In much of the Islamic world, Muslims expressed hope that the U.S. would seek compromise rather than confrontation.
The Bush administration alienated Muslims by mistreating prisoners at its detention center for terrorism suspects at Guantanamo Bay, Cuba, and inmates at Iraq's Abu Ghraib prison _ human rights violations also condemned worldwide.
"I hope Obama wins (because) of the need of the world to see the U.S. represent a more cosmopolitan or universal political attitude," said Rais Yatim, the foreign minister of mostly Muslim Malaysia.
Afghan President Hamid Karzai pledged that Afghanistan "will remain a close friend of the United States" regardless of who wins.
"The new president will have an impact on the economic and political situation in my country," said Muhammad al-Thaheri, 48, a civil servant in Saudi Arabia.
Like so many around the world, he was rooting for Obama "because he will change the path the U.S. is on under Bush." Nizar al-Kortas, a columnist for Kuwait's Al-Anbaa newspaper, saw an Obama victory as "a historic step to change the image of the arrogant American administration to one that is more acceptable in the world."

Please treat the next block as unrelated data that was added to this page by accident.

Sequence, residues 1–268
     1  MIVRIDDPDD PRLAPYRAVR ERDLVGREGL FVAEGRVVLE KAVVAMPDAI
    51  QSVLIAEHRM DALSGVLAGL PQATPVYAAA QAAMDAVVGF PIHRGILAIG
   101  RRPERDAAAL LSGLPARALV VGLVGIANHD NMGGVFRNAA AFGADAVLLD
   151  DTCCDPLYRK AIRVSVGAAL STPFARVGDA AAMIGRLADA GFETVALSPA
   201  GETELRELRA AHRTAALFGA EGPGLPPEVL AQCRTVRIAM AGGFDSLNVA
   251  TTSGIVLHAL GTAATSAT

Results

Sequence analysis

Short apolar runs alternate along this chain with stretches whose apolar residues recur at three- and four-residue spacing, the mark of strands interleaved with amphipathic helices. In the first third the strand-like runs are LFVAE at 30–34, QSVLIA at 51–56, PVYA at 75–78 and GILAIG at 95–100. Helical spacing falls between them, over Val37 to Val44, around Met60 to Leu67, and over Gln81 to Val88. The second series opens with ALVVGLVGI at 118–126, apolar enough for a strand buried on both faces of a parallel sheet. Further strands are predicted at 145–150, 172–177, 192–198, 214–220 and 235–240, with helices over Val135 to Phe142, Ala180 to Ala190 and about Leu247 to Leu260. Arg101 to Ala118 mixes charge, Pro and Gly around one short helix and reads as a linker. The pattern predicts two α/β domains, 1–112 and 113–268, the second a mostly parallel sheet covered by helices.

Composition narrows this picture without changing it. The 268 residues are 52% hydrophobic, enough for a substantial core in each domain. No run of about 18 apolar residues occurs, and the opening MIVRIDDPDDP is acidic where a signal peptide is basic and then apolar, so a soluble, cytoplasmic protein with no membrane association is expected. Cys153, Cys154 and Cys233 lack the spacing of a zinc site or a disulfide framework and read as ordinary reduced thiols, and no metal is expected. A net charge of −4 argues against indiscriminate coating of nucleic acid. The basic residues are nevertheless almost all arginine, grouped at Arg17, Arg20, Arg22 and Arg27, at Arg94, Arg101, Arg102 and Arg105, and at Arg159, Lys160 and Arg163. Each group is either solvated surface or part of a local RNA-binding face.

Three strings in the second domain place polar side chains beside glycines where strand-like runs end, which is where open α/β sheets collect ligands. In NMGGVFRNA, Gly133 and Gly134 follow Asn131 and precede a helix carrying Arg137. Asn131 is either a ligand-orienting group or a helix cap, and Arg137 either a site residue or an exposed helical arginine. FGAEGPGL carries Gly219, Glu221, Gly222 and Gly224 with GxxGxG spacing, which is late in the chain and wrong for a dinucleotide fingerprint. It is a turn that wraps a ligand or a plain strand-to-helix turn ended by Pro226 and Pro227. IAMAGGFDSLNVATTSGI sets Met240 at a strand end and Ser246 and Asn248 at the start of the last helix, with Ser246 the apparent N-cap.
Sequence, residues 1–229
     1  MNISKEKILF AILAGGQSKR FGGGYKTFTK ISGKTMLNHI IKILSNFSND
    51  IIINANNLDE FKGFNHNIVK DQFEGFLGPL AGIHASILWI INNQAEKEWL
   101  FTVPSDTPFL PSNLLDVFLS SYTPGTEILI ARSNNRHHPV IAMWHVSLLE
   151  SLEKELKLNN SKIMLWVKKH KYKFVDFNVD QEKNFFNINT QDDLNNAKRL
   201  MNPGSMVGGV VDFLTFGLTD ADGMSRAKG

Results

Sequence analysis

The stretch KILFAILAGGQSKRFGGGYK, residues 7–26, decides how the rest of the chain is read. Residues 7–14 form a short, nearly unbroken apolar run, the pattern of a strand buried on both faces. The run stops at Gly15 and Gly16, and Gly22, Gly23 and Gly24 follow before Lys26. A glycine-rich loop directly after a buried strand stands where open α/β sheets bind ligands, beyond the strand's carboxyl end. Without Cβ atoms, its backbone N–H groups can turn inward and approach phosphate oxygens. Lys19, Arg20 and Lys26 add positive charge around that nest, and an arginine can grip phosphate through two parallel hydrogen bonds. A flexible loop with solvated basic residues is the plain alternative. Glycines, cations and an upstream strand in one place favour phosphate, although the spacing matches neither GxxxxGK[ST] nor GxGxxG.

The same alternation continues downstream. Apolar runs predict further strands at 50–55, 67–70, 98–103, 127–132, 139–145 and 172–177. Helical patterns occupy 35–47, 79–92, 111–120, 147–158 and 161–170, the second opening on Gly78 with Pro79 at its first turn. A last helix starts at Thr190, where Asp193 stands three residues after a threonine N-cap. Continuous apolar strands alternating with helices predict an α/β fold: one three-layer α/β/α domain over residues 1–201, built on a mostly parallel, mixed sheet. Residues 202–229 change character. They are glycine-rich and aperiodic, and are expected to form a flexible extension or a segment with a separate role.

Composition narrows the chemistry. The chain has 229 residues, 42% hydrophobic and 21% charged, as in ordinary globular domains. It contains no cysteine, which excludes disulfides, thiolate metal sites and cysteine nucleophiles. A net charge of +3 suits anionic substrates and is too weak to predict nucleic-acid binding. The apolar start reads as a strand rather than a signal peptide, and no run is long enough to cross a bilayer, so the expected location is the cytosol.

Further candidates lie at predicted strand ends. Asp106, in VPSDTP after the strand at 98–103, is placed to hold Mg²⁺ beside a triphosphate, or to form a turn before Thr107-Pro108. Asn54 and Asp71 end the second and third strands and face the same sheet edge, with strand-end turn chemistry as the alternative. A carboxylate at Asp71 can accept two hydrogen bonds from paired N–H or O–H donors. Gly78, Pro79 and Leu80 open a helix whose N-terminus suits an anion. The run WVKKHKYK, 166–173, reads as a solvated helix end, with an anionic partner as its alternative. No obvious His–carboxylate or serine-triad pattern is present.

Yet McCain enjoyed a strong current of support in countries such as Israel, where he is perceived as tougher on Iran.
Israeli leaders, who consider the U.S. their closest and most important ally, have not openly declared a preference.
But privately, they have expressed concern about Obama, who has alarmed some by saying he would be ready to hold a dialogue with Tehran.
Taking a cigarette break on a Jerusalem street corner, bank employee Leah Nizri, 53, said Obama represented potentially frightening change.
"I think he'll be pleasant to Israel, but he will make changes," she said. "He's too young. I think that especially in a situation of a world recession, where things are so unclear in the world, McCain would be better than Obama."
British Prime Minister Gordon Brown clung to convention by refusing to say which candidate he wants to see win.